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St. Francis Prep Coach Vince O’Connor dead at 85

By Joseph Staszewski

Legendary St. Francis Prep football coach Vince O’Connor’s, who led the Terriers for more than six decades, died Saturday at the age of 85.

O’Connor just completed his 62nd season coaching at the school and his 61st as varsity coach. He won 341 games during his career, good enough for second place in New York state behind the 364 by Howie Vogts of Bethpage. While doing so he instilled lessons that went far beyond wins and losses.

“The life lesson he taught his former players was do for others,” Terriers associate head coach Rich Carroll said. “He was just an amazing man and it is a huge loss for our program.”

O’Connor had gradually turned over the coaching reins to Carroll in recent years. Carroll said O’Connor, a Park Slope resident, finally started cutting back last season. He made all the games and about 90 percent of practice, after rarely missing any. O’Connor’s health had declined in the last two weeks, according to school Athletic Director Sal Fischetti. The news of his death hit the St. Francis Prep community and football family hard. He died at his daughter’s home in Floral Park.

“I think one of the things that makes this a big issue is that he’s been there so long, nobody thought he’d not be there,” Carroll said.

O’Connor began coaching in 1953 when St. Francis Prep was on North 6th street in Brooklyn and he was one of the founders of the Catholic High School Football League, which just celebrated its 60th anniversary. He won a record 16 CHSFL titles, including 14 at the highest classification.

“This is the death of a legend here,” Fischetti said. “You lose a guy like Jack Curran. You lose a guy like Vinny O’Connor, forget it”

Under O’Connor the Terriers had six undefeated seasons and won five Class AAA titles in a span of eight years from 1983-1990 and lost in the next two finals. O’Connor’s last crown was in 2005 when the Terriers beat St. Peter’s for the Class AA championship. He was the league’s coach of the year 20 times.

“He’s a tremendous coach and a tremendous man,” Holy Cross football coach Tom Pugh said. He did so much for so many people. One of the class guys.”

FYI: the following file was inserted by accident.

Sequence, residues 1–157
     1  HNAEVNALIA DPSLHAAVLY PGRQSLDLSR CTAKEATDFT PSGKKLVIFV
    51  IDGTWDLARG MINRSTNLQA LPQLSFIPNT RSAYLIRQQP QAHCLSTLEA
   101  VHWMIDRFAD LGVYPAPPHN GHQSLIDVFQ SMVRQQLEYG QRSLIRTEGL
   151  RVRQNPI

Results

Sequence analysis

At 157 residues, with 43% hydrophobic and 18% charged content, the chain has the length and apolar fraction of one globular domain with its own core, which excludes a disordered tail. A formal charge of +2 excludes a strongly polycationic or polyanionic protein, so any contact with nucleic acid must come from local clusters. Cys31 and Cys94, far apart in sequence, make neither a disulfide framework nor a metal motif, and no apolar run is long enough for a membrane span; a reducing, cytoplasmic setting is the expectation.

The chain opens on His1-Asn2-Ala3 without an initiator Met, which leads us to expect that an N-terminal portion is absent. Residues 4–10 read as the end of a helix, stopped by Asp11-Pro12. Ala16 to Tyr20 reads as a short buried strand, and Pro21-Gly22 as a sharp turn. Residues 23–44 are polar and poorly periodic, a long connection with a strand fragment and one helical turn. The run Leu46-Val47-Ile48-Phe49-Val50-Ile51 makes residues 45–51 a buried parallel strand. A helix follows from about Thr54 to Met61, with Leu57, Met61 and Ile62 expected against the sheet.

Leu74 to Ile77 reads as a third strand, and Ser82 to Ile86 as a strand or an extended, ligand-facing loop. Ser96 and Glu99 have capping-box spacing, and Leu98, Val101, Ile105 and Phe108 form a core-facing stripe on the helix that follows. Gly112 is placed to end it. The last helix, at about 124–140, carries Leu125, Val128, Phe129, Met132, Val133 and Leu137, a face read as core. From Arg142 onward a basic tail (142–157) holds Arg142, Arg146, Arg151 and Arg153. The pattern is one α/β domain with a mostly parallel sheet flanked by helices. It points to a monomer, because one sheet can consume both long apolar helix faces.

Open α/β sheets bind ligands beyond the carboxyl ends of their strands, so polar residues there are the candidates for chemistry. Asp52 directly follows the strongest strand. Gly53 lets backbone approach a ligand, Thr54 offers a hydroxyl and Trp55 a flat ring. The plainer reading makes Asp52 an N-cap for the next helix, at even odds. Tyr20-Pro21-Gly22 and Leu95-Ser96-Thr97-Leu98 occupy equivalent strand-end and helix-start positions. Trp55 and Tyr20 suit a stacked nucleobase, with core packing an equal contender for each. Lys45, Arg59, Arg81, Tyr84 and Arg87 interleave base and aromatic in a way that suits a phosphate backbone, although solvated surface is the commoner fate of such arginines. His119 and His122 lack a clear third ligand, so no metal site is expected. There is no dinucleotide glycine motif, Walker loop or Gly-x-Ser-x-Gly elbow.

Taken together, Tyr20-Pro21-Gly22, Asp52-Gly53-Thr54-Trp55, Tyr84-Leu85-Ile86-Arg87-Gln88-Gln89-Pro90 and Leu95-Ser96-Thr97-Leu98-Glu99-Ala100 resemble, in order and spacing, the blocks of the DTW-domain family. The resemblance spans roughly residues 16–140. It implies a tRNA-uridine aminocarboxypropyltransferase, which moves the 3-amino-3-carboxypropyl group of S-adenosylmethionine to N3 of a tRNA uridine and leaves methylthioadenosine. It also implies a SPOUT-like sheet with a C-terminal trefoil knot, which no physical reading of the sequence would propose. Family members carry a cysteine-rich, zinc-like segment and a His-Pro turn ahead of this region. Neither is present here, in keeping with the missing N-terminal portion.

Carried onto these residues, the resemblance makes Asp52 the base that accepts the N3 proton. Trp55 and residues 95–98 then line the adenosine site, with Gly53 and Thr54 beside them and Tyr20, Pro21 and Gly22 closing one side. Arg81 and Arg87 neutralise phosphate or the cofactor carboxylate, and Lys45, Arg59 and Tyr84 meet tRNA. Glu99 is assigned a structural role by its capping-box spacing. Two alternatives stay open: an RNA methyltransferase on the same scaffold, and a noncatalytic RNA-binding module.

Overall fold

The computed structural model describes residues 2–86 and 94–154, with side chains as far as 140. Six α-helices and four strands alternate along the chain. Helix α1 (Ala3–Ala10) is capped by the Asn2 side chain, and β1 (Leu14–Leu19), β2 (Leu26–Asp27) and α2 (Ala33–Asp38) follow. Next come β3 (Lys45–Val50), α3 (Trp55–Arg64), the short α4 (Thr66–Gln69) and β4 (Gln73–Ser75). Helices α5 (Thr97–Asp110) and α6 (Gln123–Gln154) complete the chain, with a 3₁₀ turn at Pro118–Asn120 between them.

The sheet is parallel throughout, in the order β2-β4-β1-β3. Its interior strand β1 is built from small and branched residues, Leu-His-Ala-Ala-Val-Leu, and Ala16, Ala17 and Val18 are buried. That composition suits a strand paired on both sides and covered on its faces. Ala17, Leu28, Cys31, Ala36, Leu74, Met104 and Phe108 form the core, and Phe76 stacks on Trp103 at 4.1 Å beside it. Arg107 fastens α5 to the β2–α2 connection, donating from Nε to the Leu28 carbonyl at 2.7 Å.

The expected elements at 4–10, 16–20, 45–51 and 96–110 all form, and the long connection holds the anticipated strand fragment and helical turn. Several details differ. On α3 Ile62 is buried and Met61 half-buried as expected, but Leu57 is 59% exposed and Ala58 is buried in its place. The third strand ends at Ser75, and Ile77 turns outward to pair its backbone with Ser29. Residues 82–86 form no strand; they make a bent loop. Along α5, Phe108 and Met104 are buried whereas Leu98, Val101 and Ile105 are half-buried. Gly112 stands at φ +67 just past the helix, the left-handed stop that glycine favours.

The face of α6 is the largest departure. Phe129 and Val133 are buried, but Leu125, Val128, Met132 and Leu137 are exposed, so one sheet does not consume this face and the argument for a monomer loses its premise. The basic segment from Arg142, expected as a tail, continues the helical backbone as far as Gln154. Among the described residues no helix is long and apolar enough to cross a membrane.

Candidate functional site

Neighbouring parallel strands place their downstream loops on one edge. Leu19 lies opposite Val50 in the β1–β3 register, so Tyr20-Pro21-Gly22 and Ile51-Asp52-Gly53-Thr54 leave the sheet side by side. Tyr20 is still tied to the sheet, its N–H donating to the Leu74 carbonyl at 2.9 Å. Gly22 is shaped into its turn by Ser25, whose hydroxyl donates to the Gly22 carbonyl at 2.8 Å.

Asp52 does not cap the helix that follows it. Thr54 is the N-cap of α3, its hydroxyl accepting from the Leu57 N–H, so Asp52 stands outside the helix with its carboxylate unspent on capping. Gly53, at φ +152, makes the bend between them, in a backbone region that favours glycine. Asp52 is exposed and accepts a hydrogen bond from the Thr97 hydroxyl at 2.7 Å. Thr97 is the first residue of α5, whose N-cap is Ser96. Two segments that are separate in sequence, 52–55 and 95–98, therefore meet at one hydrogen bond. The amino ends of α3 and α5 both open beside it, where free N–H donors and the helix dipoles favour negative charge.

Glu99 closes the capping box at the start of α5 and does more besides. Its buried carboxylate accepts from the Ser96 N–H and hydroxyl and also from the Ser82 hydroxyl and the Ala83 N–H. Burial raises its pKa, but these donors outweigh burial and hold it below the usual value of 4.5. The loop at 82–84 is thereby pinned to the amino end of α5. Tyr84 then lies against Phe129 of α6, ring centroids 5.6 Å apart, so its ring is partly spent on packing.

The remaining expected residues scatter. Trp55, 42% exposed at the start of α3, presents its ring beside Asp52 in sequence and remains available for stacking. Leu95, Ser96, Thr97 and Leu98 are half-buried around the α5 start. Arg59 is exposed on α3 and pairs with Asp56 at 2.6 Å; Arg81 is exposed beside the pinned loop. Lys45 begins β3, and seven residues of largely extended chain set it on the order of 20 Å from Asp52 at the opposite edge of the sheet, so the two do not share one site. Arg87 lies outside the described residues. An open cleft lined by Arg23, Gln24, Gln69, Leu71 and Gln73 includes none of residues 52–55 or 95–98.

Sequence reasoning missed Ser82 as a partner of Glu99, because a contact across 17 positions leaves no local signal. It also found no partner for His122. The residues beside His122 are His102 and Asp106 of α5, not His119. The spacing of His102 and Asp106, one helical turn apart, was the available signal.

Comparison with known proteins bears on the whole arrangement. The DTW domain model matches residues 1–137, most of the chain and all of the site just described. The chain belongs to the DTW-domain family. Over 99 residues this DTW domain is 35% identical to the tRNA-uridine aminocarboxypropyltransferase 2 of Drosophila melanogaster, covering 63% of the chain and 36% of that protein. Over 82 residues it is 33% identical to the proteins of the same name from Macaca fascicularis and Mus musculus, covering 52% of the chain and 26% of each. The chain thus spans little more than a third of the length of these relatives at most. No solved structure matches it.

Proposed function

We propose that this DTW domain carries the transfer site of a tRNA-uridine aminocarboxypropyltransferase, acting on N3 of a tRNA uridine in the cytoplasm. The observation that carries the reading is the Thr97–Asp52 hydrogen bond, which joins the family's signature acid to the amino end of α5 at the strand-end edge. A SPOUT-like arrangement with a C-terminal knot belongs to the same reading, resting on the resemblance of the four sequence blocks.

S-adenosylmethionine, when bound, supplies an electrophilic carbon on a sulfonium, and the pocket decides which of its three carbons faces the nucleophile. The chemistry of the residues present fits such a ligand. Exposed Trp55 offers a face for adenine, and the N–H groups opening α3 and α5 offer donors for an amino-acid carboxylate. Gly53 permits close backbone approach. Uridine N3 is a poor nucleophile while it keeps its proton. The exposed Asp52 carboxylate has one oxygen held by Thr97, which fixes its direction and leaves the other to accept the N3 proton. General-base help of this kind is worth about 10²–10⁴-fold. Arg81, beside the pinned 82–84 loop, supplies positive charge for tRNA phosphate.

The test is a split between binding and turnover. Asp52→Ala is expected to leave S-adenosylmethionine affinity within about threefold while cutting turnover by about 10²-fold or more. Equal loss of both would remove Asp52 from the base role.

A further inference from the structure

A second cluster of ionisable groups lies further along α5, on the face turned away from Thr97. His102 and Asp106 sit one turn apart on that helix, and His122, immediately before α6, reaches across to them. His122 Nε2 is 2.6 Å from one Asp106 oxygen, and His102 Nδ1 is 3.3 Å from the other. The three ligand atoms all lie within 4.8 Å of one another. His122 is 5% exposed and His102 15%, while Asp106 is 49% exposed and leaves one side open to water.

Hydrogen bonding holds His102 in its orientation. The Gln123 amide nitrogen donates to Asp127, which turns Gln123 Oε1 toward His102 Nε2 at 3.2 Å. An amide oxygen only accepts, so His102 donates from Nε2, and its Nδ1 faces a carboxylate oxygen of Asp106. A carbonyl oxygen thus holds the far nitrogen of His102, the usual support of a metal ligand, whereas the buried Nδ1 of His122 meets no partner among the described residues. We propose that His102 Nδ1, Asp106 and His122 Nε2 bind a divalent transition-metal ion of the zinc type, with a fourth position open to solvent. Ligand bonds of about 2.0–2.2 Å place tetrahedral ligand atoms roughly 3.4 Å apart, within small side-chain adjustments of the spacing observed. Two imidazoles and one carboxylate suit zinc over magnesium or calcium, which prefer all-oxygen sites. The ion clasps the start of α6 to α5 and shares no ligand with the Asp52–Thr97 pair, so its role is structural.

O’Connor coached nine pros, four Walter Camp All-Americans and coaches like former Jets and Giants offensive coordinator Dan Henning, Rutgers head man Kyle Flood, C.W. Post head coach Bryan Collins and retired Chaminade coach Bill Basel. St. Francis Prep’s multimillion-dollar training center in Fresh Meadows is named after him.

“Mr. O’Connor was a special guy, in my life and the lives of countless of other people who had the opportunity to play for him,” Flood said.

O’Connor was born in Brooklyn and attended Holy Name Elementary School and Manual Training High School. He played football and ran track in high school. O’Connor earned a bachelor’s in physical education from New York University and a master’s from Brooklyn College as well as one from Teachers College, Columbia University.

When he returned home from serving 18 months in Korea in the U.S. Army, he was named the junior varsity football coach at St. Francis Prep. O’Connor, who then made a career in education, was a physical education teacher and guidance counselor. He was also the field events coach for the St. Francis Prep track team from 1953-61 and at John Jay High School from 1962-66.

Even as his role with the football team decreased in recent years, his message and lessons still resonated. The staff made sure the players heard from O’Connor as much as possible, knowing the importance of his wisdom being passed on to another generation.

“Every time I spoke to coach he always ended up making me not only a better football player but also a better person,” senior quarterback Robert Einersen said.

O’Connor is survived by his wife Mary, his son Martin, daughter Mary Rose and four grandchildren. His wake was held in the St. Francis Prep auditorium and the funeral was scheduled at the school on Thursday.

“They’re going to need every inch of space they can get,” Flood said before the funeral. “I’m sure it will be standing-room only for somebody who has impacted a number of lives.”

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